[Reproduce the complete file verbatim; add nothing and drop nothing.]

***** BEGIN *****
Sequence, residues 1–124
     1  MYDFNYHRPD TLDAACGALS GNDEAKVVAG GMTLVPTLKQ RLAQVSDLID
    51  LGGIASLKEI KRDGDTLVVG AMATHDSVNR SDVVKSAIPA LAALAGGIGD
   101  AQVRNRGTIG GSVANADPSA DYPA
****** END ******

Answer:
Sequence, residues 1–124
     1  MYDFNYHRPD TLDAACGALS GNDEAKVVAG GMTLVPTLKQ RLAQVSDLID
    51  LGGIASLKEI KRDGDTLVVG AMATHDSVNR SDVVKSAIPA LAALAGGIGD
   101  AQVRNRGTIG GSVANADPSA DYPA